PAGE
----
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Photographer's Note

In the year when I was born, my father was doing his compulsory army service. He was stationed in western Poland and assigned to a unit looking after the security of a military airport. He later told me many stories about that period of his life. The one I remember the best is about him and his companions apprehending a “Western Spy” – a man with a camera, taking photos near the perimeter fence. The poor bloke’s film roll was confiscated and processed. It turned out he was taking shots of cows and rural architecture.

Why am I saying this? Partly, because Gert has recently posted a story of his losing a roll of film to an overzealous policeman in Cotonou in 1982. But also because I have recently remembered another aspect of my Dad’s story – that we found it hilarious someone would bother travelling to Poland to take photos of what we thought were inferior subjects: village houses and farm animals (well, I’m not laughing anymore as I find myself hunting every pretty wooden hut before it disappears https://www.trekearth.com/gallery/Europe/Poland/East/Mazowieckie//photo1459792.htm).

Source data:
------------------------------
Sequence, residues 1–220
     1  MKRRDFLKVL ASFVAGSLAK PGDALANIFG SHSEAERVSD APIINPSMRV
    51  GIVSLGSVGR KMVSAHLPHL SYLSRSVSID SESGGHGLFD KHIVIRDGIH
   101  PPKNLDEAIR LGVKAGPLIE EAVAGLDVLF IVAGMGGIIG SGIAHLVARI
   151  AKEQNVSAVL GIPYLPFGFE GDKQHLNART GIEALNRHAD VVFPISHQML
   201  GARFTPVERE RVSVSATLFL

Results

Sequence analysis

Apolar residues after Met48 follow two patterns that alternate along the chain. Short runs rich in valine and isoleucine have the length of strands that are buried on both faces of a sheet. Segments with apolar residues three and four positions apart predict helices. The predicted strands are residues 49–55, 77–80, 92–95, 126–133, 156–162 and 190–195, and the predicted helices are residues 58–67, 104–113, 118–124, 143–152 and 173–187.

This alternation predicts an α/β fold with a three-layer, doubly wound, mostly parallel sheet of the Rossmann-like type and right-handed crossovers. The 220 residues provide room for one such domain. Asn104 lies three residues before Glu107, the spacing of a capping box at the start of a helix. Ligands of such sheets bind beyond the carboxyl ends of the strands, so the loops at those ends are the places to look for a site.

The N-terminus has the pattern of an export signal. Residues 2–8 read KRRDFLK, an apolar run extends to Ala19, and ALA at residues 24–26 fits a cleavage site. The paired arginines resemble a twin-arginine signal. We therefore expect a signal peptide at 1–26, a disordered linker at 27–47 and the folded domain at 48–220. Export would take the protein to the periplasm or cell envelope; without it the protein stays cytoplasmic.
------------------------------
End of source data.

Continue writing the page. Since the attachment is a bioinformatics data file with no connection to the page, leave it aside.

I thought about that a lot when I was in Afghanistan, as I’m sure my travel companions – my guide Azim and the driver Bahradin (patient as they were) must have been watching me with disbelief every time we came across a herd of yaks. What for them must have appeared to be at best the most common of subjects, at worst a nuisance and an obstacle on the road, made me scream with joy, jump out of the car and run for the animals and their herders with my camera. I would walk along the road to meet the herd and to be picked up later to get back into the car.

Yaks are the cattle of Wakhan, kept for their meat, milk, hair and skin. You see a lot of them, herded by Wakhi and Kyrgyz people. I realise not everyone will agree with me they are cute animals. But I'm sure you can all see they are irresistibly photogenic.

And as for the unfortunate tourist that my father “caught” in the 70s… I was told he had been freed. But I never found out if he had got his photos back. Half a century later, there are still places everywhere (including in, what we think are free and civilised parts of world) where photography is frowned upon, in spite of the fact that you can probably look at those locations in great detail on Google Earth.

Such is the power of an image.

Two more photos in WS.

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Additional Photos by Kasia Nowak (kasianowak) Gold Star Critiquer/Gold Note Writer [C: 1456 W: 7 N: 2860] (15402)
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